Points to look for:
- The racket is now around mid thigh. Compare this to the height of the bat in the backhand counterhit - the lower position is due to the player needing to swing more upwards to add a little more topspin to the ball, in order to bring the ball down on the other side of the table when the ball has been hit with more power. Also note how much further back the bat has been moved - although this will be more apparent from the side view.
- The waist and legs are at a slight angle to the endline, while the right shoulder has moved forward a little.
- The racket angle is only slightly closed, since the racket is not very grippy. The ball will tend to slide off the racket at impact, meaning that the player will be limited in how much spin he can generate, and how much upward force he can produce by brushing the ball.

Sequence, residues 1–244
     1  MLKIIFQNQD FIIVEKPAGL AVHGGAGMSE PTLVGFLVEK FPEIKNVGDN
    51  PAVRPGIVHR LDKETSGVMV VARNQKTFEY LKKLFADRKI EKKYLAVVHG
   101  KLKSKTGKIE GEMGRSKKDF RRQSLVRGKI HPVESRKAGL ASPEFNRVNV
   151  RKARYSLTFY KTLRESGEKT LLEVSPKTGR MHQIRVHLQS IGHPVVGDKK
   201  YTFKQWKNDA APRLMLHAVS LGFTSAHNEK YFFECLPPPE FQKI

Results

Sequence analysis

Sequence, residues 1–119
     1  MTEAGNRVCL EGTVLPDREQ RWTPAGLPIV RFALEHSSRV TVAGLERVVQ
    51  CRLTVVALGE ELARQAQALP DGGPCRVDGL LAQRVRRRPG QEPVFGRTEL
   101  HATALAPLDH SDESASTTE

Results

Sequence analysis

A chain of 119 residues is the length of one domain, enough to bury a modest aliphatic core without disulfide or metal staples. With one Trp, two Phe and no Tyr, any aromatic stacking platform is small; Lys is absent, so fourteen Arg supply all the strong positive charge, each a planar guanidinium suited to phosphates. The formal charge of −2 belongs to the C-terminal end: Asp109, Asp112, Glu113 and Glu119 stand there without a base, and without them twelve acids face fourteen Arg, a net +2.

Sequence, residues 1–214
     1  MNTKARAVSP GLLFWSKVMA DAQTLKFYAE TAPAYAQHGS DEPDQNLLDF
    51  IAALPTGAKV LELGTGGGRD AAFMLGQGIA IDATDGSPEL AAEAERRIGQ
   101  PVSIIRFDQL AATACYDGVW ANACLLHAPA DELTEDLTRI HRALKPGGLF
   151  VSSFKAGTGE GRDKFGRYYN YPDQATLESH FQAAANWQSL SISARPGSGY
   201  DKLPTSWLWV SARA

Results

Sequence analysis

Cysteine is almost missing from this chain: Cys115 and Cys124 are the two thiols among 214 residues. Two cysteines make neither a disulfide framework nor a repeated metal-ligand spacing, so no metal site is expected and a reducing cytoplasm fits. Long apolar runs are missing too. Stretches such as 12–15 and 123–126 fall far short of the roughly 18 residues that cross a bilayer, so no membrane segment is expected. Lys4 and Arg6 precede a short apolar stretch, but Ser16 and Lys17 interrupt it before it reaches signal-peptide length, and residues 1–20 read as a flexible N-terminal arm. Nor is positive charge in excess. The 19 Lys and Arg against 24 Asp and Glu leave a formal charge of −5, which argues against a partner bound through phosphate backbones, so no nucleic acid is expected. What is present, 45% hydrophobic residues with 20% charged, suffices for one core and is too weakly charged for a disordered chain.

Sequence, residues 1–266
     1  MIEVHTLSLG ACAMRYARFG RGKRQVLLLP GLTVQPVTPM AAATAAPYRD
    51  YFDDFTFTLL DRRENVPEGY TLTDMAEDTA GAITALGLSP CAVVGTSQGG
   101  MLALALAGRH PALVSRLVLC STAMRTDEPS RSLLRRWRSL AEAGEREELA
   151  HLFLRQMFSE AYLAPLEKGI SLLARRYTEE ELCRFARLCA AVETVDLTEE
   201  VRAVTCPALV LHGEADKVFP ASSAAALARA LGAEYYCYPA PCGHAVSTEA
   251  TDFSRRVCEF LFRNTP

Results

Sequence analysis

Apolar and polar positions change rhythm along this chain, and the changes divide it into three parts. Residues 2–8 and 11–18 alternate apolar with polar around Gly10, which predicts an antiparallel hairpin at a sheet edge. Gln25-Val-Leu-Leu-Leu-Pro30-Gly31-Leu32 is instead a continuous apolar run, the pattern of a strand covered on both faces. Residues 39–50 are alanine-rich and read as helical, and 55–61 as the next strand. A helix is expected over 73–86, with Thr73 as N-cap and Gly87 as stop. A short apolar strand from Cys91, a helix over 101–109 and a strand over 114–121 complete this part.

- The bat has been brought back into a position where the player can swing forward through the ball straight towards his target on the other side of the table. This increases the chances that the player will make good contact with the ball, especially when under pressure from a strong shot by his opponent, since the player's timing can be slightly wrong but he will still make contact.